Sports, Race And Politics

Jack Kemp had just emerged from the airport terminal in New Orleans when a 6-foot-3, 255-pound black man came up to him, bowing and shuffling his feet, his head tilted down in deference. "Mr. Kemp, sir, is it all right for us, sir, to ride in your cab?" the man asked. The year was 1965 and Kemp, then quarterback for the Buffalo Bills football team, recognized the sarcasm of his friend Carlton Chester (Cookie) Gilchrist, the team's star fullback. "Quit kiddin'," Kemp said. The cabby, Gilchrist explained, said he wouldn't take him as a passenger unless he was with Kemp's group of white men and they didn't mind sitting with a black. "He was very innocent and naive," Gilchrist remembers of Kemp, now secretary of housing and urban development. "He was stunned."

President Bush hasn't always been a big fan of Kemp's, but he has agreed to allow the HUD secretary to speak in prime time during next week's Republican convention. The Democrats featured Sen. Bill Bradley, a former pro basketball player, as a keynote speaker last month at their convention. That both parties turned to ex-athletes would be mere human interest but for the particular role each man is playing: designated hitter on the issue of race. Bradley had drawn attention with a series of impassioned speeches demanding that the nation address racial justice with greater urgency. The White House mobilized Kemp after the L.A. riots, when the administration realized he was the only white GOP figure with credibility among blacks. Although the party won't be emphasizing racial harmony as a campaign theme, aides hope that Kemp, a free-market enthusiast, can appeal to conservatives and minorities at the same time. "I could not live with myself as HUD secretary, and go back and face my friends Ernie Ladd, Cookie Gilchrist or Tippy Day or all the black football players I know and lived with and lost and won with, if I were not their voice in the cabinet," Kemp says. "It is my way of redeeming my existence on this earth."

What is it about sports that seems to help knock down racial walls? Kemp and Bradley built interracial friendships that many white politicians don't have. Both have heard their black friends describe discrimination, and both have witnessed some. Kemp recalls that the San Diego Chargers couldn't stay in the posh Shamrock Hilton in Dallas in the early 1960s because the hotel wouldn't take black guests-even though the team was owned by Barron Hilton, who also owned the hotel. Bradley remembers when star guard Earl Monroe got into a fistfight with whites who harassed him outside Madison Square Garden. "Two hours after Earl thrills 20,000 people with his skill," Bradley has written, "he is just another 'nigger' to part of white America-even a half block from center court." Other encounters were more comic: a fan once sat next to the Knicks' Dick Barnett on a plane and asked, "Why do you colored fellas wear all those funny hats?"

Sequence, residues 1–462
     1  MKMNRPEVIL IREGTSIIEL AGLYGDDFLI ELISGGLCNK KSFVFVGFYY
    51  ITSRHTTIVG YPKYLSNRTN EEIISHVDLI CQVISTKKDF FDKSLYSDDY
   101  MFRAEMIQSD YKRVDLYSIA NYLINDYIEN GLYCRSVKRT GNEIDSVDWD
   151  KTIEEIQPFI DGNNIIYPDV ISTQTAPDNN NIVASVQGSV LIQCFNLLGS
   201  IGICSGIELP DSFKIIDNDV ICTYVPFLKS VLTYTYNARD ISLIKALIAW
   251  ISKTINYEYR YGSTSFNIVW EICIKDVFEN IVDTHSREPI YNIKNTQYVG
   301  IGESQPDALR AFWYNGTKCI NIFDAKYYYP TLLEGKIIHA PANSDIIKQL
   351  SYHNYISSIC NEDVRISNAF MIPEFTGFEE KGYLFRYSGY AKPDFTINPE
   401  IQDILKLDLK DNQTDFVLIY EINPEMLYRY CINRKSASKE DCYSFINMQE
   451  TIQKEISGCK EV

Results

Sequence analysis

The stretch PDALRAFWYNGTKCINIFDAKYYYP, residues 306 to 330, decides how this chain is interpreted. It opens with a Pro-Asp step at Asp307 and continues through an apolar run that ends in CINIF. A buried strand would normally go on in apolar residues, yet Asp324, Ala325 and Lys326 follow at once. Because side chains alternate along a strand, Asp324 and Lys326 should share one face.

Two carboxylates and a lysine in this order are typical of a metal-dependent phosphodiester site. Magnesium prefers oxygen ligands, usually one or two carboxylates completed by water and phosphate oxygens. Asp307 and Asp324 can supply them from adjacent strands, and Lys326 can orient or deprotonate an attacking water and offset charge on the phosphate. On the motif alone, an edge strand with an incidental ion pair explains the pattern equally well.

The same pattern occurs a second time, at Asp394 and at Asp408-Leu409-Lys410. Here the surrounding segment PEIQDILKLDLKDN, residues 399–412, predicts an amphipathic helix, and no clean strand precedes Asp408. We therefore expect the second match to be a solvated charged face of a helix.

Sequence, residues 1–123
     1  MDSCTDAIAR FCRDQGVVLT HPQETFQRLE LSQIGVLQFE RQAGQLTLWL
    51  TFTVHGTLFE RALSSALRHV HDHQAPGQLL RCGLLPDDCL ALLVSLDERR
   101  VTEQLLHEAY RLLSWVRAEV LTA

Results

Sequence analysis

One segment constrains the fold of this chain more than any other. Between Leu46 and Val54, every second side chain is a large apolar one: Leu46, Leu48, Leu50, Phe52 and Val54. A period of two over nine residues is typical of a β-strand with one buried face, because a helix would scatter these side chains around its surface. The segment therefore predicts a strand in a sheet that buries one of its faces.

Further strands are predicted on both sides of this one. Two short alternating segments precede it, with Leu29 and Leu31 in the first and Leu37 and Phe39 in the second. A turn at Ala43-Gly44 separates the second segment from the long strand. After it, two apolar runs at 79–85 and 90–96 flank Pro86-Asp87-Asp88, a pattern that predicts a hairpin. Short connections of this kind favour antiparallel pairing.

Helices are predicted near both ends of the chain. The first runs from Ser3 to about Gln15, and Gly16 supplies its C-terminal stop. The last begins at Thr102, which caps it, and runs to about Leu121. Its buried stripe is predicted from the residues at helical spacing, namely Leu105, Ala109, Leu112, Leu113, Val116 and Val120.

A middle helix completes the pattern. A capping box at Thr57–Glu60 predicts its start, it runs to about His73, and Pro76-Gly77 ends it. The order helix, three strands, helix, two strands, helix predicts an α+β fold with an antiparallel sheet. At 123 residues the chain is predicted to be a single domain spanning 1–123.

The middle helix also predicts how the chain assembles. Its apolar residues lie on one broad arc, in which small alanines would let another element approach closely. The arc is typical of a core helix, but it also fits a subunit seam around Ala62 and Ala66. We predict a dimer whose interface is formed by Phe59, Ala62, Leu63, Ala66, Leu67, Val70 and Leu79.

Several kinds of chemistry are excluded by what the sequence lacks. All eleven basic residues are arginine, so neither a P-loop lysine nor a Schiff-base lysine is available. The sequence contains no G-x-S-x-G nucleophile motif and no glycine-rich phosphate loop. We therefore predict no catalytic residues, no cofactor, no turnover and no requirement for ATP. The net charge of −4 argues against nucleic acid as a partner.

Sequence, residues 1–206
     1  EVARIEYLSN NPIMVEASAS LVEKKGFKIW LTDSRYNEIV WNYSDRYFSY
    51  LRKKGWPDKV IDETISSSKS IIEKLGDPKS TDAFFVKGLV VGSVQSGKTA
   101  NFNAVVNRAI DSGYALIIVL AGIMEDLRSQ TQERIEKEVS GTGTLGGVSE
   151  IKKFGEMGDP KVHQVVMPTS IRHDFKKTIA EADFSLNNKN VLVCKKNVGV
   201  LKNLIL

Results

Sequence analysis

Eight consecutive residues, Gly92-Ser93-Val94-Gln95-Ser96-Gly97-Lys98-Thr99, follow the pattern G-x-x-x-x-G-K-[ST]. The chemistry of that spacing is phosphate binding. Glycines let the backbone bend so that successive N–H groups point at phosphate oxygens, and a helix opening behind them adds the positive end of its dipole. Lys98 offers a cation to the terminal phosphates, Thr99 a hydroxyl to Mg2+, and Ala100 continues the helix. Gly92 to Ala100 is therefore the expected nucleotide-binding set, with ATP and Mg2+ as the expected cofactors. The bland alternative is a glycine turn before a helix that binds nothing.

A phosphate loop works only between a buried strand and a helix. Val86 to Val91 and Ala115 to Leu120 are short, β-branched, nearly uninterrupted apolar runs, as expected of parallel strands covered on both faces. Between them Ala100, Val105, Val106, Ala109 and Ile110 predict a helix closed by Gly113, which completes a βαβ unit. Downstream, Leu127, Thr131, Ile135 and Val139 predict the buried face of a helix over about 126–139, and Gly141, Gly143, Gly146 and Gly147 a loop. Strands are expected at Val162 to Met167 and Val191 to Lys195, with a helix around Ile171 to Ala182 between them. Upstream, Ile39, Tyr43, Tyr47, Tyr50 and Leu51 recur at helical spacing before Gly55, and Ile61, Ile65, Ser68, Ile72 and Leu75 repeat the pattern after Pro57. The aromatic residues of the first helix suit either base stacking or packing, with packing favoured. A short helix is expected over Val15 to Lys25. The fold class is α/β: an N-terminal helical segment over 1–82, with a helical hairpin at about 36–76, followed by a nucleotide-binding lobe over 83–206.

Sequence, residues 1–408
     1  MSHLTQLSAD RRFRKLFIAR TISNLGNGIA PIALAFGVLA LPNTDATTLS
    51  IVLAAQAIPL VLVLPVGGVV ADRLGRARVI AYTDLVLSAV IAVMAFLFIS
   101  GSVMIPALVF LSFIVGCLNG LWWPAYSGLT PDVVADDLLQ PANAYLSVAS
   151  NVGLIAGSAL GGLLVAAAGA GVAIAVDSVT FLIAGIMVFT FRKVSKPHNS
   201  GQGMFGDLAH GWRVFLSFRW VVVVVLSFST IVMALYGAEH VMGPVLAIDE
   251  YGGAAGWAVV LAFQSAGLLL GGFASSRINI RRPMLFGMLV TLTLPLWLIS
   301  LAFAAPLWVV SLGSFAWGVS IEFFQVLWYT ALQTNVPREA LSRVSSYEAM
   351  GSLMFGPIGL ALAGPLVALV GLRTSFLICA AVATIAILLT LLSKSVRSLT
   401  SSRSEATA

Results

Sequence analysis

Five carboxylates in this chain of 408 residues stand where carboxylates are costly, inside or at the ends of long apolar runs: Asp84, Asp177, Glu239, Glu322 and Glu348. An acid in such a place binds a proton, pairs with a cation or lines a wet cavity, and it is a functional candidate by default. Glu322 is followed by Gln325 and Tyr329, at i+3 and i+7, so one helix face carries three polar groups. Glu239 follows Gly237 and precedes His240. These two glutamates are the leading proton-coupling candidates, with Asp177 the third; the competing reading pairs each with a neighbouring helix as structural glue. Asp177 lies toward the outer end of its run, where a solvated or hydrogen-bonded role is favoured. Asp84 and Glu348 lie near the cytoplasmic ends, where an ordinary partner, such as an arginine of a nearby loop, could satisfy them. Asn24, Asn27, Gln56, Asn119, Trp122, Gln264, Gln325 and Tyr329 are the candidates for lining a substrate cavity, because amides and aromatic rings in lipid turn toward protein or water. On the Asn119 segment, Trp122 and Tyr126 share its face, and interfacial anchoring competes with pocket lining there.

Just as important, though, were the moments that were not racially tinged. "The huddle is colorblind," says John Mackey, a former Baltimore Colt and a friend of Kemp's. Gilchrist says his friendship with Kemp grew because he kept his teammate from getting mauled by bloodthirsty linebackers. Sports has had plenty of problems with racism over the years, but it has one advantage over other occupations: competence can be measured easily. It is one of the few areas blacks and whites both consider meritocratic, with each race being judged by the same standards.

Sports also forces players to take an immersion course in the language of the other race. "If someone tells [Kemp] he's a 'bad M.F.' he knows that's a compliment," says Mackey. Teammate Thomas (Tippy) Day used to call Kemp "Jackson-just to put some black in him." But Bradley says he also learned that there were limits to how much he could understand about being black. Teammate Walt Frazier has described Bradley as the "least prejudiced player I've ever met," but added that "particularly with the black players, he seemed to be on the outside looking in." Ironically, this sense of isolation gave Bradley something else in common with African-Americans: as a white on a majority-black team, Bradley felt like a minority. "It was kind of lonely," he says now.

The future of race relations obviously does not depend on all Americans developing a good jump shot. What lessons can be transferred from sports to other settings? On one level, the experiences of Bradley and Kemp seem to argue for aggressive integration of housing, schools and work so that the races will mix more. But their cases also teach that racial understanding grows best when there is no suspicion of favoritism, which is perhaps an argument against some forms of affirmative action.

Kemp and Bradley have processed their racial lessons differently. Bradley emphasizes increased federal spending on cities, while Kemp pushes free-market solutions like enterprise zones and tenant-owned low-income housing. While he is proud of how sports made him more sensitive, Kemp also speaks with some regret about not playing a role in earlier civil-rights battles. "I wasn't there with Rosa Parks or Dr. King or John Lewis," he says. "But I am here now."